That, in a nutshell, is the logic behind Cities by Foot, a new travel-guide website unveiled today that provides high-definition video presentations of local shops and restaurants in different cities, devised by entertainment and marketing agency Red Robot for its client, footwear maker Crocs.
"Crocs are the best travel shoes," said Ed Wuensch, who happens to be Crocs' director of marketing. "So we were thinking, 'What platform could we use to get that across?'"
"Croc challenged us to come up with a global marketing platform," said Red Robot CEO Tom Flanagan. "We knew it had to come back to content. Travel content has been pretty weak online. There are good TV shows, but online it's terrible low production value or repurposed stuff. ... And the content is rarely original, always dealing with the same old landmarks. 'The world needs better travel content,' we thought, 'and it should be fun.'"
Risk pays off
Red Robot created the first videos from Denver on its own dime, with no guarantee from Crocs that the project would be picked up. After presenting it to a cadre of Crocs marketing execs in Hawaii, they were given the go-ahead to do more. The website boasts more than 70 two- to three-minute videos of different businesses, eateries and general getaways in Aspen, Colo.; Denver; Las Vegas; New Orleans; San Francisco and Vail, Colo. -- all of them noted for being good walking towns. Red Robot owns the content, but licenses it to Crocs. If successful, the site's reach will expand globally (Mr. Flanagan expressed an interest in doing Beijing to capitalize on the upcoming summer Olympics).
"Maps may have Croc retailers listed on them, and the video hosts wear Crocs, but that's about it. We didn't want to hit consumers over the head with the Crocs brand. We wanted it to be authentic, that this is a service brought to you by Crocs," said Mr. Flanagan. And it's a service not only to would-be pedestrian explorers but also the shopkeepers and restaurateurs, as the whole video is underwritten by Crocs. In fact, Cities by Foot offers businesses that don't have it a one-year membership in their local Consumer & Visitor's Bureau.
"When we first approach the shops, they are skeptical about cost," Mr. Flanagan said. "But Crocs was a small, odd entrepreneur in the first place, and now wants to promote other non-mainstream entrepreneurs."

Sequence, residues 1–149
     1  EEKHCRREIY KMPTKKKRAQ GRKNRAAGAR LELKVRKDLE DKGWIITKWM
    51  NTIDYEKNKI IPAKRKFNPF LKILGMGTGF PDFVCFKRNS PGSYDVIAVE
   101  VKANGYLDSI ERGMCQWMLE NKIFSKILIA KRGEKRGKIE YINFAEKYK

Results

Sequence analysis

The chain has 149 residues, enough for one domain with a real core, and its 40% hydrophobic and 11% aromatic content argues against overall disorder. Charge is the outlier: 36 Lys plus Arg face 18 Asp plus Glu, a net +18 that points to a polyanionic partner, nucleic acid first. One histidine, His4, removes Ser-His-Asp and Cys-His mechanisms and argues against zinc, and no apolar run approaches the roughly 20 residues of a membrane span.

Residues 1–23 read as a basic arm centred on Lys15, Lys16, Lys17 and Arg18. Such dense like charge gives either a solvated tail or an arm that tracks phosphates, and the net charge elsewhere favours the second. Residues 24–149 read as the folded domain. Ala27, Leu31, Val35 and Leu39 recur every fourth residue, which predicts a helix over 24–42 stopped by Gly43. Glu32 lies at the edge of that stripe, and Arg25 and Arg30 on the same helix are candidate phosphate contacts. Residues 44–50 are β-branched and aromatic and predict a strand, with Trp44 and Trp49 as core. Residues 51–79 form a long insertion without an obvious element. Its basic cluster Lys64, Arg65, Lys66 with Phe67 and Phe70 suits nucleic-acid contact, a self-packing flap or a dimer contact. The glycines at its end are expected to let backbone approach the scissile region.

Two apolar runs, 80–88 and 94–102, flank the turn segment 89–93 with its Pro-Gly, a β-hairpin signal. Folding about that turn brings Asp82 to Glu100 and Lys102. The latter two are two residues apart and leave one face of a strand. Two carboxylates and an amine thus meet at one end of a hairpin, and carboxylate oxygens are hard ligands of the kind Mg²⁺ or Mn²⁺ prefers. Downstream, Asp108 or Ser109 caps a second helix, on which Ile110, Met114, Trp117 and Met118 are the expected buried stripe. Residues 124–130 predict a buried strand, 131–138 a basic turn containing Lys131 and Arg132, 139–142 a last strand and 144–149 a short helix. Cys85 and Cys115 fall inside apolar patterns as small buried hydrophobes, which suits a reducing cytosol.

For Beau Timken, president of San Francisco-based True Sake, a store that specializes in the drink, small businesses thrive on passion and word of mouth. "We small businesses do it because we love whatever it is we do," Mr. Timken said. "We grow thanks to our customer base, through word of mouth. It carries most of our passion, but it gets diluted after a while. But if people can see the store for themselves, feel the passion, then we can take the same impact of the word of mouth farther. They're mainlining the passion for us."
Mr. Timken said the visitor's bureau membership made him a part of his community in a way he hadn't considered before.
"Profit isn't our goal on this," said Mr. Wuensch. "We are trying to promote our shoe and create a positive interface for consumers to interact with. Our marketing foundation was built on experiential marketing, so this is another way of showing people the use they could make of their crocs. It's a living asset, and we'd like they pursued it that way."
And footing the bill for this is not as great a sacrifice as it sounds. Mr. Flanagan said that for the price of two 30-second TV ads, nearly 80 videos were shot and the website was constructed.
Red Robot and Crocs have also entered into a deal with Zed.com, a mobile content factory, to syndicate the site's content as a paid service on mobiles. The profits will be split, with half going to the wireless carriers, and the other half being shared between Zed.com, Red Robot and Crocs, offering the brand the possibility to recoup some of its expenses. The creators of Cities by Foot are also looking at possible syndication of the content onto airlines -- a natural gateway for reaching the site's target audience -- which could be available for free with promises to keep the Crocs brand on the content, or become another stream of revenue in exchange for de-branding the content.
"We are still approaching the market with a holistic marketing plan that includes print, TV, internet, etc.," said Mr. Wuensch. "But a growing percentage of our marketing dollars are going into this kind of endeavor. This is our first big foray into interactive."